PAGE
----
Governance & Politics
December 5, 2018

Civic Savvy: The Import of Unanimity

The first major motion has passed Vancouver City Council – unanimously!

 

A unanimous vote on an ideological issue is a significant indicator – and Jean Swanson’s motion on renter protection was the first big test for the new council.  The way amendments and process were so skillfully handled among the various parties and interests suggests effective communication and negotiation.  (How much of that, I wonder, was done by the Mayor’s office?)

I would not underestimate the emotional impact of the more than 50 delegations organized effectively by the year-old Vancouver Tenants Union who, hour after hour, over two days, told personal stories of their experiences and anxieties.  Regardless of where any individual councillor stands politically, the emotional effect is substantial.  It wears away intellectual resistance, leaving the need to respond in some way.

Jean Swanson called the amended motion mush.  But the Tenants Union, having achieved a recognition of legitimacy, recognized it as a victory, regardless of the fact that not much actual protection is afforded those subject to a determined renovictor.

In the end, the NPA aligned itself with a vote on an issue coming from the far left; the amendments they supported came from the parties of the near left.  The result is a solid wall of political support for intervention in the rental housing market – another indicator of how much this election has changed the status quo.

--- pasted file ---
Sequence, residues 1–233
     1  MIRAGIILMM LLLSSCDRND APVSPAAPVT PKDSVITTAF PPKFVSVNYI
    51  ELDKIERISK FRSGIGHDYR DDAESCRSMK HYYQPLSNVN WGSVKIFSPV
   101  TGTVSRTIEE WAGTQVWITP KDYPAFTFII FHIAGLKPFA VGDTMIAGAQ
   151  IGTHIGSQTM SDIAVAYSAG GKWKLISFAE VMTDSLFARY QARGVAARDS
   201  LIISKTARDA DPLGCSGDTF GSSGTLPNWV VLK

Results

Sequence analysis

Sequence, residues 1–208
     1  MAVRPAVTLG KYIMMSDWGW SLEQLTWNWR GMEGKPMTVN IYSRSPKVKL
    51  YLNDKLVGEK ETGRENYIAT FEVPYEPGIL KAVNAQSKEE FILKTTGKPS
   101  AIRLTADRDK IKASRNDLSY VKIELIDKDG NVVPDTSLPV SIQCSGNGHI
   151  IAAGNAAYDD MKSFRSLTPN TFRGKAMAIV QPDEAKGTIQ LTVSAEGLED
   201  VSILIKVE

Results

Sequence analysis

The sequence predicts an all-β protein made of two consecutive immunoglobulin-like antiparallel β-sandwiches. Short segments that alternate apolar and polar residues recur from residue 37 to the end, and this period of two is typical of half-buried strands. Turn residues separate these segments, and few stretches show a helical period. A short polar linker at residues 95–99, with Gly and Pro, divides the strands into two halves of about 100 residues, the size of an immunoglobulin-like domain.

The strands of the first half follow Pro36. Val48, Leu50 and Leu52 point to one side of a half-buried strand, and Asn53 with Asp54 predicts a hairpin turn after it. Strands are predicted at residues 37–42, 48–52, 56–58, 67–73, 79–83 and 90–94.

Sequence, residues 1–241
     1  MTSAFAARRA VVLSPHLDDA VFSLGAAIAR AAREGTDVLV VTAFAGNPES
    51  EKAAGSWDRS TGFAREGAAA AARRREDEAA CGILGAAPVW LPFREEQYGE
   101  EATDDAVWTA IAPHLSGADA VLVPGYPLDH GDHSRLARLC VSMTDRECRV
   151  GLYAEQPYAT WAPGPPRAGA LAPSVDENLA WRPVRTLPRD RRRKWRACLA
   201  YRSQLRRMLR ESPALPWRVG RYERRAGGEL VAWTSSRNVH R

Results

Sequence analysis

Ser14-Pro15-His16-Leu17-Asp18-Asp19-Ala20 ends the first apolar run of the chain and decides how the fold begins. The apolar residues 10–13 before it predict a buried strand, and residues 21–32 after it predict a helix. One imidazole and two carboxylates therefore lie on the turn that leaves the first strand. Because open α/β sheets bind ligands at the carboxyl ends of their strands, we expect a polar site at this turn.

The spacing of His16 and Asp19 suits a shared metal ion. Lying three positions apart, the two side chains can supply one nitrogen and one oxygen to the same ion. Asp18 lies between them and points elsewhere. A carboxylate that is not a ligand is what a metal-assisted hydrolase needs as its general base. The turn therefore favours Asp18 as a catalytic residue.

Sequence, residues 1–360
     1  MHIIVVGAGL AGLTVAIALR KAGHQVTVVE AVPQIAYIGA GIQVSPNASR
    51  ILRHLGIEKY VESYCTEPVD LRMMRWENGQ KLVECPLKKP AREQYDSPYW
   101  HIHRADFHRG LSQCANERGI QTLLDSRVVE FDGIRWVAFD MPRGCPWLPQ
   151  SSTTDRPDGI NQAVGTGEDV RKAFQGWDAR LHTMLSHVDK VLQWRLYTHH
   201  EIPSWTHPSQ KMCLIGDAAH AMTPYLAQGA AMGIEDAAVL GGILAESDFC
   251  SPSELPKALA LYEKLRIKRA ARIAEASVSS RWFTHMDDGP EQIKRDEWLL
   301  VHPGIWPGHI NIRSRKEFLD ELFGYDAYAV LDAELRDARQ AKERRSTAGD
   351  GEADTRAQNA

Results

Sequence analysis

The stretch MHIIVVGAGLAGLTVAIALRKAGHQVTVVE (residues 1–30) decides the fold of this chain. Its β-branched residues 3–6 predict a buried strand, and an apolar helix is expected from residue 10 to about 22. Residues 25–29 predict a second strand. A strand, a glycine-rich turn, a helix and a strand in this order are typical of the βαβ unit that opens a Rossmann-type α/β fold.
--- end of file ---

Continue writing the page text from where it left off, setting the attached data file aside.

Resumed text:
What will property and development interests do in the face of this? Watch Jon Stovell and Berkeley Tower.

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August 7, 2017

Found on the corner of Abbott St and W Hastings St, in a parking lot adjacent to the Woodward’s development.

The proposed rezoning details are reflective of Vancouver’s Rental 100 Policy:

  • 132 units of secured market rental housing
  • commercial space on the ground floor
  • a floor space ratio of 7.62
  • 74 vehicle parking spaces
  • 167 bicycle parking spaces
  • a building height of 32m

The policy provides relaxations to developers who choose to build 100% secured market rental housing in defined locations. This incentive forms part of the City’s  2012-2021 Housing and Homelessness Strategy, which “identified the need for an additional 16,000 new units of rental housing, of which 5,000 are from purpose-built market rental units.”
In addition, the Strategy “sets aggressive targets for social housing (5,000 units by 2021) and supportive housing to end homelessness (2,900 units by 2021). The City is currently revising the Housing Strategy, noting targets exceeding those set in the current plan.
The Rental 100 Policy and it’s predecessor have been contentious – as illustrated by the court battle between the City and the West End Neighbours Residents Society. There is an open house for the West Hastings Rezoning from 5 to 8 pm on Thursday, January 26, 2017 at Vancouver Community College, Room 240.

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